Lettow also got good responses on a review of his second book Strengthening the Nuclear Non-proliferation Regime. Keeping to the theme of a nuclear-free world, this book analyzes the world patterns of moving away from nuclear weapons. A critic of the book reviewed it and said, “With its thoughtful analysis and comprehensive recommendations, it makes a strong contribution on a subject of vital importance.”20. One different thing that Lettow did in this book than the other book was his proposal of a solution to end the problems discovered.
The reflections of the book itself are well qualified and are completely backed up and supported by evidence that vindicates the author’s point. Reagan might not have been a fanatic on many things, but he was a true maniac when it came to the furthering of SDI and a nuclear free world. Reagan was primarily thinking about America, but was also thinking about the world. Poindexter stated “the president’s goal with SDI was first and foremost to provide a defense, not only to the United States but to all civilization. He was very sincere in his offer to the Soviets to share the technology with them…”21. Furthermore, Lettow also stated, “…he had excluded much of the bureaucracy from the policy-making process, and at first the initiative did not have particularly broad or deep support within the administration”, to describe how Reagan took matters into his own hands without consulting any of the commanding officers of the military22.
The common question that this book contributes to the overall topic of the class’s book is SDI’s effect on the swing of conservatism in the 1980s. After the disaster of the Carter administration, America wanted to have a “hardballing” president who would be able to enforce international law. SDI was the major confidence boost that he got to enforce U.S policy. The same recurring pattern was seen with both of the Bush presidents as they controlled huge militaries to promote their world influence. The SDI also relates to the collapse of the Soviet Union because of the overextended economy that defense spending had created. Paul Lettow also drew on the fact that, “Reagan had long believed and expressed his views that the Soviet system was weak and vulnerable, and that U.S pressure, particularly in the military competition, could encourage fundamental change within it”23.
The Strategic Defense Initiative of the 1980s was an unimaginably important part of key U.S foreign policy towards the Soviet Union. In the book, Ronald Reagan and His quest to Abolish nuclear weapons, Paul Lettow goes over the crucial history of SDI, but also forms his own unique perspective on Reagan’s personality in this field and his “over-involvement”. “Over-involvement” is but a mere understatement of the fanaticism that drove Reagan to create the program out of his own image and use it to scare the Soviets into cooperating. The author ends the book by saying, “We live in a world that Ronald Reagan did much to bring about. There is a great deal to be gained by exploring what it was that he actually sought to do, and why”24.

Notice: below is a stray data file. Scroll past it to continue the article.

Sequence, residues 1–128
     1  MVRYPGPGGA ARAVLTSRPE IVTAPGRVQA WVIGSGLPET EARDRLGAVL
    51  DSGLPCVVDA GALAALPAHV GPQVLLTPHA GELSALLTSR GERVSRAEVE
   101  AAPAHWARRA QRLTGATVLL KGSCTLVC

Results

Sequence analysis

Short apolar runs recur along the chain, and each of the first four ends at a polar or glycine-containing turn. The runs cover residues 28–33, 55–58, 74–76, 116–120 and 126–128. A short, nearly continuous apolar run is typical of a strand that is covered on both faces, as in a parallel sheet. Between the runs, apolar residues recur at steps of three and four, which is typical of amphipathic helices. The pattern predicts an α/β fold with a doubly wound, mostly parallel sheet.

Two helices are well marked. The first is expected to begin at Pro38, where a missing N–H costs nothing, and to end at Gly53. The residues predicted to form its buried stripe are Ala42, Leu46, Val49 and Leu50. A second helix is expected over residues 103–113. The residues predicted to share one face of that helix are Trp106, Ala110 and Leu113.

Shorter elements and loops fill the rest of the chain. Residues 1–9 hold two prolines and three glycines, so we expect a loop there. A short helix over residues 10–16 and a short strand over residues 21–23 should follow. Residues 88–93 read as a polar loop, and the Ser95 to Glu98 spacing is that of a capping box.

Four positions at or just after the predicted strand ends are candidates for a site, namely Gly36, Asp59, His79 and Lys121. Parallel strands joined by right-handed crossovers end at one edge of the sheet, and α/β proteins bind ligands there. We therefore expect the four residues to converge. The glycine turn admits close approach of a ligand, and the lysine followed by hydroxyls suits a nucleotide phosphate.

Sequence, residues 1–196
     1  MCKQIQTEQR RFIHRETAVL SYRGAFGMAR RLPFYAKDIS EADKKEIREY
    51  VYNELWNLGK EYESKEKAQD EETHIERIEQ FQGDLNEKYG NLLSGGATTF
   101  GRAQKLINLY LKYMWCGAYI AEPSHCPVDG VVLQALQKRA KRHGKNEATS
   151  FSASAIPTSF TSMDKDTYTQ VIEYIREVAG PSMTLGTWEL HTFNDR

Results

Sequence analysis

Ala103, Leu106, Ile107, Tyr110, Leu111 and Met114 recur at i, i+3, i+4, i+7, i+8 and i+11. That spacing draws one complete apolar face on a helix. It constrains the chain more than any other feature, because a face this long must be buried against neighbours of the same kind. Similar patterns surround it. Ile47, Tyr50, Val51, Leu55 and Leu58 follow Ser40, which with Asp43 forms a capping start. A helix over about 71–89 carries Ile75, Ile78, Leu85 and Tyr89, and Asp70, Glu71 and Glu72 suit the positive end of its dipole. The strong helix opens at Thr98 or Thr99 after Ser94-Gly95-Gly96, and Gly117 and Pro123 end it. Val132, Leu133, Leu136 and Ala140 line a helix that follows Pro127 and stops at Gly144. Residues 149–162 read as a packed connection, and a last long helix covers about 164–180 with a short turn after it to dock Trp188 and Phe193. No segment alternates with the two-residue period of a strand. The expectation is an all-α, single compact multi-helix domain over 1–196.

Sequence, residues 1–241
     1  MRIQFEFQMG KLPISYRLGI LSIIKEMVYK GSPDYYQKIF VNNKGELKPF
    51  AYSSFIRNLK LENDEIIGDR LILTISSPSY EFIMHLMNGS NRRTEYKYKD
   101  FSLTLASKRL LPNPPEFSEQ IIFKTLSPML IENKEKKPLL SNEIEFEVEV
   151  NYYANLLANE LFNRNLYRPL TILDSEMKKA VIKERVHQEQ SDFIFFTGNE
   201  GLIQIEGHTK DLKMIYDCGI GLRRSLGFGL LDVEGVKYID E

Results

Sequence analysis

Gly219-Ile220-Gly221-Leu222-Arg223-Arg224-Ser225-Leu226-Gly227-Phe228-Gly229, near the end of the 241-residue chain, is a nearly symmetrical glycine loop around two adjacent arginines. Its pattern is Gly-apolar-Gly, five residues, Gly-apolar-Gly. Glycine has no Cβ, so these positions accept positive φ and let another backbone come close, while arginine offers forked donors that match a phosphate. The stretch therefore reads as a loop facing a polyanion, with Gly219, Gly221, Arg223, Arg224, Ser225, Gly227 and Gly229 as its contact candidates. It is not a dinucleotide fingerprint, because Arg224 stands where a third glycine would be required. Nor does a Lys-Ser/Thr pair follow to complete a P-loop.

1. Cannon, Lou. Back Cover.
2. Lettow, Paul. Ronald Reagan and His Quest to abolish Nuclear Weapons. New York : Random House. 2005. 9
3. Lettow, Paul. 7.
4. Lettow, Paul. Ronald Reagan and His Quest to abolish Nuclear Weapons. New York : Random House. 2005. 16.
5. Lettow, Paul. 53.
6. Lettow, Paul. 89.
7. Lettow, Paul. Ronald Reagan and His Quest to abolish Nuclear Weapons. New York : Random House. 2005. 90.
8. Lettow, Paul. 109.
9. Lettow, Paul. 111.
10. Lettow, Paul. 122.
11. Lettow, Paul. 157.
12. Lettow, Paul. 181.
13. Lettow, Paul. 211.
14. Lettow, Paul. Ronald Reagan and His Quest to abolish Nuclear Weapons. New York : Random House. 2005. 219.
15. Lettow, Paul. 57.
16. Lettow, Paul. 118.
17. Lettow, Paul. “Paul V. Lettow: Profile” jones.day.com. Jones Day. Web. 22 May 2016.
18. Lettow, Paul. Ronald Reagan and His Quest to abolish Nuclear Weapons. New York : Random House. 2005. 119.
19. Heilbrunn, Jacob. “’Ronald Reagan and His Quest to Abolish Nuclear Weapons’: In a Galaxy Far, Far Away.” Council on Foreign Relations. New York Times, 13 Feb. 2005. Web. 22 May 2016.
20. Lettow, Paul. “Strengthening the Nuclear Nonproliferation Regime.” CFR.org. Council on Foreign Relations, 4 Apr. 2010. Web. 23 May 2016.
21. Lettow, Paul. Ronald Reagan and His Quest to abolish Nuclear Weapons. New York : Random House. 2005. 120.
22. Lettow, Paul. 120.
23. Lettow, Paul. Ronald Reagan and His Quest to abolish Nuclear Weapons. New York : Random House. 2005. 121.
24. Lettow, Paul. 248.